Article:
Gucci Strives To Adapt To China’s New Niche Tastes

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A logo-free Gucci bag in the label’s S/S 2014 ready-to-wear collection. Gucci said on a conference call yesterday that it is upping its logo-free offerings as part of an upscale branding push. (WWD)

Global luxury conglomerate Kering reported lower-than-estimated third-quarter growth numbers yesterday due in large part to mega-label Gucci’s China sales slump, showing that Chinese consumer tastes continue to quickly shift toward logo-free products and niche brands.

According to the Paris-based company, sales from continuing operations fell 1.5 percent to $3.48 billion globally, an amount that came in lower than analysts had predicted. Gucci saw 0.6 percent like-for-like sales growth, its weakest performance in four years, which was hampered by a 2 percent comparable growth decline in the Asia-Pacific region and “low single-digit” decline in China. This news comes on the heels of rival conglomerate LVMH’s report last week of lower-than-expected sales as well.

However, Gucci’s disappointing China numbers contrast heavily with the sales growth of Kering’s smaller niche labels, further demonstrating that Chinese fashion tastes continue to move sharply away from logos and “mega-labels” such as Gucci and Louis Vuitton. Fore example, comparatively low-key brand Bottega Veneta posted 21 percent growth in the Asia-Pacific region and almost 30 percent growth in Greater China, and Kering’s collection of smaller luxury brands, including Stella McCartney, Alexander McQueen, and Balenciaga, saw 14 percent Asia growth.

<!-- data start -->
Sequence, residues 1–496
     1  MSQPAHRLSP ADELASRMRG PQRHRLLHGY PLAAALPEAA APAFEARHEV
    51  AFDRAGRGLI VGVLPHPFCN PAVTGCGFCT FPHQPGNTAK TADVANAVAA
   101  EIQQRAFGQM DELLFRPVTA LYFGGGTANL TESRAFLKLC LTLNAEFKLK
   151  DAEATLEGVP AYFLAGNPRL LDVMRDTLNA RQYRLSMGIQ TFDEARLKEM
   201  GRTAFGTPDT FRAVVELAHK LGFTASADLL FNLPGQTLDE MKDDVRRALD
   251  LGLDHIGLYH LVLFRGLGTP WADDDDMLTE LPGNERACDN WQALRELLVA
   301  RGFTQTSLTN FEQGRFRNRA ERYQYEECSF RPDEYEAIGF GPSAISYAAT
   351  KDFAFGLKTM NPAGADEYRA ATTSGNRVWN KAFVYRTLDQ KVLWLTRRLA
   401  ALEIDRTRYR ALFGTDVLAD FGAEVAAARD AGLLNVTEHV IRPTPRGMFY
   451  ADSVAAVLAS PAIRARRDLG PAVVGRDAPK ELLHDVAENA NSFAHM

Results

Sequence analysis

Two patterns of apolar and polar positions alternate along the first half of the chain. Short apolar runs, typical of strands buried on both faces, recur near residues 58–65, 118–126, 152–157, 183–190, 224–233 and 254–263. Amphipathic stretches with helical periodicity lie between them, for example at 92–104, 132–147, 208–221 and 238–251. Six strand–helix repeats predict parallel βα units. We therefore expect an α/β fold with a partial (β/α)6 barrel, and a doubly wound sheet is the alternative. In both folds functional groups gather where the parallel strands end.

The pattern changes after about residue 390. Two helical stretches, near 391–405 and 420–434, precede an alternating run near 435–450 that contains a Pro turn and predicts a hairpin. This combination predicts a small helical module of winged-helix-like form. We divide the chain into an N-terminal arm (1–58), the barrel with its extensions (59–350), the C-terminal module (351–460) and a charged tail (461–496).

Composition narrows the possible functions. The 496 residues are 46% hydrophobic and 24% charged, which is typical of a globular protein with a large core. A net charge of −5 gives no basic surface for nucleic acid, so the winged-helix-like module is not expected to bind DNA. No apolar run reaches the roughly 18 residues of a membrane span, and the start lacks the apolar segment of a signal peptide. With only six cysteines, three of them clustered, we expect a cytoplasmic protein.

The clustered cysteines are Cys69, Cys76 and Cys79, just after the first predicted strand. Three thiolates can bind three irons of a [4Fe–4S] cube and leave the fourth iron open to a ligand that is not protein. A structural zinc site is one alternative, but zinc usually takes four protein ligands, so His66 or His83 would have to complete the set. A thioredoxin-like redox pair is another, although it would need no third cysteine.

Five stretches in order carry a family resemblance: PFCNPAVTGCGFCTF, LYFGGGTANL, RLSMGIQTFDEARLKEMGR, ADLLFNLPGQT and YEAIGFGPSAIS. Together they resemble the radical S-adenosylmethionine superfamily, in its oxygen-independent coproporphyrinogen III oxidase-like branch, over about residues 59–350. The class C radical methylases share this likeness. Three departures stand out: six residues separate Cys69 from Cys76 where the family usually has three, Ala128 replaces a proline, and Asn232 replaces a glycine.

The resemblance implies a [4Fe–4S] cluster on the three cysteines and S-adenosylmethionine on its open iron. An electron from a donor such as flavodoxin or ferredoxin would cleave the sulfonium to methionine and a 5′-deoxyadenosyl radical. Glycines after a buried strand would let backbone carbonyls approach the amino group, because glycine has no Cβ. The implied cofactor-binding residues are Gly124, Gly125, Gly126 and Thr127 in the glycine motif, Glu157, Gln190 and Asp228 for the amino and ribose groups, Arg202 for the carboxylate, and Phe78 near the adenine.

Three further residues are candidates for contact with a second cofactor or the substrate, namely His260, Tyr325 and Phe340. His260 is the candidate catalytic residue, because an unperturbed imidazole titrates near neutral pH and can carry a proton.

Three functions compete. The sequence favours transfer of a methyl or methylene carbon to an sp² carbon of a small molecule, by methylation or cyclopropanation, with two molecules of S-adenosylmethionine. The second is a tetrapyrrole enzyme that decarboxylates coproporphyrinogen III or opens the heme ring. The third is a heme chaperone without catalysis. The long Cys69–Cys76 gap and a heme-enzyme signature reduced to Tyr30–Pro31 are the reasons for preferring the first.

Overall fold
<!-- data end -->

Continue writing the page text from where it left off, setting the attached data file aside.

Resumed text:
The rise of popularity of niche designer labels in contrast to major logo-focused brands was exhibited this fall in the openings of three major department stores in mainland China: Galeries Lafayette in Beijing and 10 Corso Como and Lane Crawford in Shanghai. In a recent Wall Street Journal interview, Lane Crawford President Andrew Keith stated that Chinese fashion consumers are “looking increasingly for brands that are going to enable them to express themselves in a different way.” This trend prompted the department store, which stocks young international designers such as Proenza Schouler, 3.1 Phillip Lim, and Jason Wu, to re-open in Shanghai this month after previously closing its doors there in 2006.

As a result of the shift away from ostentatious styles and logos that is taking place both in China and abroad, Gucci is stepping up its efforts to “move toward increased product sophistication,” said company CFO Jean-Marc Duplaix on a conference call yesterday. The company has upped its offerings of logo-free styles, which took up 55 percent of total global handbag sales, up 20 percent from the same time last year. According to him, this upmarket shift has been a main cause of this quarter’s lag in Asia sales. “In China, for example,” he said, “the strategic fine-tuning of the brand’s products offered combined with a few store relocations temporarily tempered top-line progression.”

At the same time, LVMH is undertaking a similar strategy by playing up Louis Vuitton’s logo-free leather goods such as its Alma bag in China, as well as teaming up with Alibaba to crack down on fake logo bags sold on Taobao. The question that remains for the future is whether or not these lagging sales are a transitory period for major brands, or if a more permanent shift will push major conglomerates to focus on building up and acquiring smaller labels to diversify their revenue.

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